Everyone down by the stream runs for the flowering meadow where the old Maypole stood. My group and I hurry along as well, hoping to be picked for the dance. Codi and I are both good crowd weavers so we take to the front of our group and lead them through the growing crowds.
A small crowd of people were already circling around the pole that had brightly colored ribbons tied to it. A small crown of flowers hung at the top of the slender wooden pole, holding the ribbons in place. Out of breath, we take our places near the front, in hopes of getting picked for this year’s dance. A few had already been selected and were standing with ribbons in their hands, the girls faced clockwise and the boys counter clockwise. The ribbons float lazily in the passing breezes, their colorful tails streaking across the sky. All of us pray to the Mother Goddess that we will be picked for this fun dance. As each person was picked our nerves escalated, counting down how many spots were left. The Maypole Ceremony Master, in his long green tunic, strolls past us several times, and every time we hold our breaths ,hoping he will pull at least one of us into the dance.
With one spot to fill and the Ceremony Master heading our way, we all huddle together holding hands praying that one of us will fill that spot. He stops in front of us, reaches out his hand and grabs hold of my arm. It takes a few seconds for me to realize that I have been chosen for the maypole dance. I stumble up to the last floating ribbon, a bright and shiny pink, and take my place facing the boy who had joined me in the forest last night. Our eyes meet and I look away my face burning; I silently curse the Mother Goddess and know she was smiling down on me with enjoyment of my situation. Out of the corner of my eye I see the boy smile, never once turning from face.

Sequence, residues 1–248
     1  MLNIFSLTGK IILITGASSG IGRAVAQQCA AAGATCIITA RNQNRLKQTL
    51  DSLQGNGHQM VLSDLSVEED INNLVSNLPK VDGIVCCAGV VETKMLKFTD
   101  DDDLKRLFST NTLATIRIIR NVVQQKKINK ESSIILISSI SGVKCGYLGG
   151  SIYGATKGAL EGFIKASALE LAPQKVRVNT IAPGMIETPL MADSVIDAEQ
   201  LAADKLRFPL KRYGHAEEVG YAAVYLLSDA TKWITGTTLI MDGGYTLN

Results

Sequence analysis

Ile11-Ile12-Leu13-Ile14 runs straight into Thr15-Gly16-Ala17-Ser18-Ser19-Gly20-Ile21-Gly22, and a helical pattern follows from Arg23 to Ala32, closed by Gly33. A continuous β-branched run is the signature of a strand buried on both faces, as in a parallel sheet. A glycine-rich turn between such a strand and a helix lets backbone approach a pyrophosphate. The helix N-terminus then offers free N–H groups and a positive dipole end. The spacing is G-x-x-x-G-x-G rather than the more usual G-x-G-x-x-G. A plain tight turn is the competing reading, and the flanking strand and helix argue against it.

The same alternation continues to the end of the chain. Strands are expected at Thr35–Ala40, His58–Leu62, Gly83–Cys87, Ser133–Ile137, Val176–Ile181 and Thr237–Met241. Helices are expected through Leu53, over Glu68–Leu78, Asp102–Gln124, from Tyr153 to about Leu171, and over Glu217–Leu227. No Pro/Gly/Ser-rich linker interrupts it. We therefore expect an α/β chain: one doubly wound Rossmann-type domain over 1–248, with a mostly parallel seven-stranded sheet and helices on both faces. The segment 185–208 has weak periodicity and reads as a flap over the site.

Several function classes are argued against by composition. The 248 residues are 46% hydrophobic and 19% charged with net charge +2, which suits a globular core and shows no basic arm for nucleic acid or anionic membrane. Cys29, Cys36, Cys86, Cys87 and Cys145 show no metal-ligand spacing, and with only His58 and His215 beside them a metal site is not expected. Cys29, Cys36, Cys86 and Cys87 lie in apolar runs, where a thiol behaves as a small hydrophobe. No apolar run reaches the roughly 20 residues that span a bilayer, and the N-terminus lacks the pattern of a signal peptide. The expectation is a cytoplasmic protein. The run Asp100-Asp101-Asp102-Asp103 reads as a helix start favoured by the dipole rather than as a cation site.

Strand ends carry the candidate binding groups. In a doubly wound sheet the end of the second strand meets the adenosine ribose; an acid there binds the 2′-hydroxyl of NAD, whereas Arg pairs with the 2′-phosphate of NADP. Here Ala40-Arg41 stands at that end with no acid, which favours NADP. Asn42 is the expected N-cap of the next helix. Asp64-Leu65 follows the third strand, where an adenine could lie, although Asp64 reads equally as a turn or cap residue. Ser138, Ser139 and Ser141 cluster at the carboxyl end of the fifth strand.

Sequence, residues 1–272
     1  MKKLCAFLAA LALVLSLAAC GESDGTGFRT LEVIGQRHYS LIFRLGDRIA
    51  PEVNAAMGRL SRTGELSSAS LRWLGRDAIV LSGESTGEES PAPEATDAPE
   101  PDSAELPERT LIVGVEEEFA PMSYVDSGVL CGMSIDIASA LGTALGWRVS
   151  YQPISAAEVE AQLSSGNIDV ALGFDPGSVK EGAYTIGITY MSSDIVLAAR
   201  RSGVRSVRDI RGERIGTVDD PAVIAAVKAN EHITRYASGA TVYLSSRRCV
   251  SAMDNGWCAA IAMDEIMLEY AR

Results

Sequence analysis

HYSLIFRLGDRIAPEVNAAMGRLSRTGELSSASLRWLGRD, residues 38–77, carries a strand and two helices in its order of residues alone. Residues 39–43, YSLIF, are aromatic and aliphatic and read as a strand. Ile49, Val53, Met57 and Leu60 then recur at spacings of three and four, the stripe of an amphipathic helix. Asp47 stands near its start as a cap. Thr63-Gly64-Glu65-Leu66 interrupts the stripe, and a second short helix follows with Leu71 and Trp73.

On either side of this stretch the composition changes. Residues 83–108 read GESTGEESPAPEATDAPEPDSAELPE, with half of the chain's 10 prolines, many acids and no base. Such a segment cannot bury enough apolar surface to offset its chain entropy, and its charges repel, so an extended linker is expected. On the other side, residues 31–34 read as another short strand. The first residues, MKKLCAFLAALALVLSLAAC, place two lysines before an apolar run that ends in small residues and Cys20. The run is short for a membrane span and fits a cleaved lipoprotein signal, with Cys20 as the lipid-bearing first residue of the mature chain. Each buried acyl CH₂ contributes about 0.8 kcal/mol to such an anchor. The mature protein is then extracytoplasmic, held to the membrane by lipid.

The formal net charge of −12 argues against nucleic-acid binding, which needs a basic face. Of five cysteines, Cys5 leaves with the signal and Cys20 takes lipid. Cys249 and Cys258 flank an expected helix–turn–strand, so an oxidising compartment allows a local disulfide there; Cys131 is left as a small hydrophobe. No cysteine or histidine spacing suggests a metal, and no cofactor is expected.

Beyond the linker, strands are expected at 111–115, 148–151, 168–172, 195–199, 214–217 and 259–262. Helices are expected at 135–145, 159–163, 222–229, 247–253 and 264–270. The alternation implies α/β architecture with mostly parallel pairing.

I could see that his hair was wet, he must have just come from the dew washing like I did, tight dark curls already starting to form. He wore a loose white tunic, belted at the waist that clung to his skin from the water. He, like most everyone else, was barefoot splattered with mud and bits of grass. I dare another look and stare right into his beautiful green eyes, suddenly getting trapped in their emerald maze.
A light and playful drum beat on the edge of the crowd that has circled around the maypole snaps me out of my trance. My legs bob in time with the drum and a violin and flute join in, playing a melody that was easy to skip to. The boy flashes me a quick smile before we start to weave under and over the other ribbons and it distracted me so much that I nearly ran into the guy who was behind him.
It didn’t take long for me to get into the rhythm of the dance, skipping while guiding my ribbon over and under the other dancers. A smile breaks onto my face and I begin to laugh with glee. I have missed being in the maypole dance. Many times I pass the emerald eyed boy and smile at him, no longer afraid or embarrassed to look at his face. I could have done the dance all day, but the ribbons only have a certain length they can go.
The ribbons have woven a pattern on the pole and now the village crone studies it to determine what kind of harvest we will have this year. It’s expected to be a great year and a cheer echoes across the flowered meadow. The music starts up again and we dance our praises to the Mother Goddess and Horned God for everything. Blaire, Codi, and the others eventually find me, but the emerald eyed boy is nowhere to be seen.
This most certainly has been the best Beltane ever.